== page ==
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Festive Dates  Wed 4th Dec: Ladies Night Of course, group swimming isn’t the only way to do this. You can go on a ParkRun, join a regular yoga class or cycling club. All these provide many of the same benefits. But many cite that slight element of danger involved in getting in the water as creating an extra sense of mutual support. As Stacey Holloway, a swimmer from Oban said to me. “Swimming is a vulnerable thing to do. It’s risky. We’ve always got to be looking out for each other.” It’s perhaps not surprising that tight bonds form. Something special happens when you get in the water with someone. You go on a small journey with them, from cold shock to finding yourself, on the other side, seeing the world a little differently, possibly even a little elated. People frequently talk about being able to offload, too. “You can have a good heart-toheart with someone out in the sea,” Anne Altringham told me, “in the way that you can do in the car when you’re both facing forward and there’s no one else around.” I’ve swum with many different pods across Scotland now and all of them are special, but I have a particular affection for the swimmers around Portobello and Wardie, and the culture that has built up around Edinburgh’s, The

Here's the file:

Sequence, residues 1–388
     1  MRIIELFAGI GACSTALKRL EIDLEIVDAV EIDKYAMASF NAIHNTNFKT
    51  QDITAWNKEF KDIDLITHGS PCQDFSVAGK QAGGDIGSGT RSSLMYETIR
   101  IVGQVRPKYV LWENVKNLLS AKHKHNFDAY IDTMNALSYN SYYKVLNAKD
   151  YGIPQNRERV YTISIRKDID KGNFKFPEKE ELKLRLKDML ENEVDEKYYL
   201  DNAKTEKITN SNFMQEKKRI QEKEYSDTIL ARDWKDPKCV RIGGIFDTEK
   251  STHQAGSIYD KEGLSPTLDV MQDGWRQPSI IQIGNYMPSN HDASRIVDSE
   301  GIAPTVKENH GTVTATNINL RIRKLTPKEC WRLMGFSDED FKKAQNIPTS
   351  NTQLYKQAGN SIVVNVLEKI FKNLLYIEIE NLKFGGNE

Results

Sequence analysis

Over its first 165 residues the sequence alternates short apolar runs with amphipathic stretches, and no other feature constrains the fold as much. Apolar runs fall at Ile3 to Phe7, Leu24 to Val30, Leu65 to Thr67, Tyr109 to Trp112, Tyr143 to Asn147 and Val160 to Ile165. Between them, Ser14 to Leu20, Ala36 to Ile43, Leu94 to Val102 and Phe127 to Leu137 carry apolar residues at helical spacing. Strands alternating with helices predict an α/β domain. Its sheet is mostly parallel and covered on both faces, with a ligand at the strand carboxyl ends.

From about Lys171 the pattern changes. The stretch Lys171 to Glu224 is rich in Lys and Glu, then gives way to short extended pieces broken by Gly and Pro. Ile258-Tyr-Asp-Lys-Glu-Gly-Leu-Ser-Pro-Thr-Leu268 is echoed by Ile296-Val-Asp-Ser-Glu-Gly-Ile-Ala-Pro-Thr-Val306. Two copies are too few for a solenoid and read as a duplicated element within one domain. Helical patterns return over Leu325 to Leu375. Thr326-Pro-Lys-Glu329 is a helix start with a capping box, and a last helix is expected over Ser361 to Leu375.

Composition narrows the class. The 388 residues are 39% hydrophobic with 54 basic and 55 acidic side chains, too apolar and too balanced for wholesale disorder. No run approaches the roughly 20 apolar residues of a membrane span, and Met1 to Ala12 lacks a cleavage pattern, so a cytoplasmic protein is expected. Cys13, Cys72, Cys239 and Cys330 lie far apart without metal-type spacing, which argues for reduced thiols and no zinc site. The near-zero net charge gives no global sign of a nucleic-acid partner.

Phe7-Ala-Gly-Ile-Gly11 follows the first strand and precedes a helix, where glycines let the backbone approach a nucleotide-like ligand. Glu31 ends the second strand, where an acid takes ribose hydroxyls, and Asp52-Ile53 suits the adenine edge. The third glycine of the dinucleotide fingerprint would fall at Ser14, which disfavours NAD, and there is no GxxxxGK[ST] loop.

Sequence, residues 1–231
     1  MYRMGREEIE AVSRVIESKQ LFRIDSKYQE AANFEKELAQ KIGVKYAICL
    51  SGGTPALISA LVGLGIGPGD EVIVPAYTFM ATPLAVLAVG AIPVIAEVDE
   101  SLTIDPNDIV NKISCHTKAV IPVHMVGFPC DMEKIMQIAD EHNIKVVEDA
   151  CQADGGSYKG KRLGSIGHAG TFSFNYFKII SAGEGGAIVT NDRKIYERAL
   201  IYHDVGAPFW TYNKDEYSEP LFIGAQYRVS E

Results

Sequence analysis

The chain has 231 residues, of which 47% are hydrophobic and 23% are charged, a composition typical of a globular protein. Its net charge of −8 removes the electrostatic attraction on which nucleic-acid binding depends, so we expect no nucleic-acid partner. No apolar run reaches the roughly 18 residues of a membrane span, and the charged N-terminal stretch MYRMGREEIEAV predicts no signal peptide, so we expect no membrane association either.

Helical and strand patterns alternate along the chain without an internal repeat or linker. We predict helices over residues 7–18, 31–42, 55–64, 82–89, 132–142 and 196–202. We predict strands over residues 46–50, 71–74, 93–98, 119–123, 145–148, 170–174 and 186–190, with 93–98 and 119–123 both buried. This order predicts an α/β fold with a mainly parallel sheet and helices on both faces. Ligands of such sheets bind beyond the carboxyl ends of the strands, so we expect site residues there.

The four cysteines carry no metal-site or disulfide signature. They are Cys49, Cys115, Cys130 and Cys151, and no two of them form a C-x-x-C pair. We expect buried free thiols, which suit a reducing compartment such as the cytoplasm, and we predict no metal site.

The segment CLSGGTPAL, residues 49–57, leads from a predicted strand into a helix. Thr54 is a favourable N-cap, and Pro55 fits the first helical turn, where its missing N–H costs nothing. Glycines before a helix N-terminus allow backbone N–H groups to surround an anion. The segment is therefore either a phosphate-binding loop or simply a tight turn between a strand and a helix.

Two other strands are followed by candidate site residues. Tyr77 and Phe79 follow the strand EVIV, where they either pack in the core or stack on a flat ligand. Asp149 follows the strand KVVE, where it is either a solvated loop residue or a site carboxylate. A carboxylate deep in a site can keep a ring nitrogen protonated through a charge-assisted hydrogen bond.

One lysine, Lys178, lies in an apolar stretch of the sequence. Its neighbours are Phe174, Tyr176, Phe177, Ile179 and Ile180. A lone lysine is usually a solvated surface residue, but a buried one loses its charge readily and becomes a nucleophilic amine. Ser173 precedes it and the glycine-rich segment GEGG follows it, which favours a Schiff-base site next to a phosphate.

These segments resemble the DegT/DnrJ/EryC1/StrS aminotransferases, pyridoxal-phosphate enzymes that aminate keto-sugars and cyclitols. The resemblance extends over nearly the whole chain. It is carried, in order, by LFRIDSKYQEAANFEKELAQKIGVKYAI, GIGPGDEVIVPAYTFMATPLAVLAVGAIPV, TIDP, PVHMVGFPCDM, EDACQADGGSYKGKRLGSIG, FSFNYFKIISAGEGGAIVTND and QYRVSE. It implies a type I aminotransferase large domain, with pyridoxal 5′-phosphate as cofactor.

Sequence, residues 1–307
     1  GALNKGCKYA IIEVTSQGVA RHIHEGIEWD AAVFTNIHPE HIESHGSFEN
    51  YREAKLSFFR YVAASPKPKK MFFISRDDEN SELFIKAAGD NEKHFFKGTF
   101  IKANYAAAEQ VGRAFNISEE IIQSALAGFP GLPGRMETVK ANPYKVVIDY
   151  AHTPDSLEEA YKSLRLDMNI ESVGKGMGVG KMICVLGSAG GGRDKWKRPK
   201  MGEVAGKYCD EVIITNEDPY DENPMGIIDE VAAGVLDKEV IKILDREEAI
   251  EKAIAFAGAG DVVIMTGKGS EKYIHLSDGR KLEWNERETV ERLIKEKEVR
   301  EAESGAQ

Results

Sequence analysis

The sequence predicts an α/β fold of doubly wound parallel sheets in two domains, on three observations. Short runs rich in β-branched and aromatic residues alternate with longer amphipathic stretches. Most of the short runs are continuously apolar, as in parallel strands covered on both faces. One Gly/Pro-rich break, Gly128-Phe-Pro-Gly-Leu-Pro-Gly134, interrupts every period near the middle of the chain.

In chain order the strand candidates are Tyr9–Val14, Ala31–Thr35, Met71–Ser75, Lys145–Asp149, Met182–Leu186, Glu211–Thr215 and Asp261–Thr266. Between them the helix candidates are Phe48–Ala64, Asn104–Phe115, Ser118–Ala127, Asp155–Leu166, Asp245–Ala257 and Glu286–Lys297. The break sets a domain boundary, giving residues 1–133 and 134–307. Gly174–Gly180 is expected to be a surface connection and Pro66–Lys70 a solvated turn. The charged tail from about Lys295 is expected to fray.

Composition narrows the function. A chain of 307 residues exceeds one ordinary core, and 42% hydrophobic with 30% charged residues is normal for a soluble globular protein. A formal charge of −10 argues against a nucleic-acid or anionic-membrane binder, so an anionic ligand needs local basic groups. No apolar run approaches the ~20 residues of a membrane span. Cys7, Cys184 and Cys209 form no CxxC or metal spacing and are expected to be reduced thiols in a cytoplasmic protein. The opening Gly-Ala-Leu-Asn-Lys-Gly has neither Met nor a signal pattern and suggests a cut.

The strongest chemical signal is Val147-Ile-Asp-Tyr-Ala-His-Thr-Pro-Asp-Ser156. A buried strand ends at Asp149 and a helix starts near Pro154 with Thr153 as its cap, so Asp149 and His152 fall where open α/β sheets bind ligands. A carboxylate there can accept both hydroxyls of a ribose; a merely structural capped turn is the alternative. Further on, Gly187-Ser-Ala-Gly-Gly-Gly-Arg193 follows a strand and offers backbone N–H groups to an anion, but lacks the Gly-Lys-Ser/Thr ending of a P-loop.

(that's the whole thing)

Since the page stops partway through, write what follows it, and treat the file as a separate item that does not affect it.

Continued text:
Wild Ones. Laughter ripples out on the water down there. Most gatherings seem to revolve around some kind of daft mucking about – mass handstands, skinny dips, Easter bonnet swims, the so-called Fife salute (a baring of breasts while facing the paps of Fife), silly hats, spontaneous post-swim conga dances. This daft, irreverent approach has been there, by all accounts, since the beginnings of this group. One of its earliest members told me, “At the Wild Ones, we have always been about the fun – about doing handstands and silly synchronised swimming routines. The fact that we’ve kept that is really important to me, that it doesn’t get too serious. I’m really against the commodification and commercialisation of swimming. It’s always been really important to me that we are open to all kinds of swimmers, the ones that want to pootle around and the ones that get their heads down – that we don’t turn into a serious swimming group.” Now that’s my kind of pod. ■ Ê Taking The Plunge: The Healing Power of Wild Swimming for Mind, Body and Soul, Anna Deacon and Vicky Allan is published by Black and White £20 Ê Facebook: wildonesedinburgh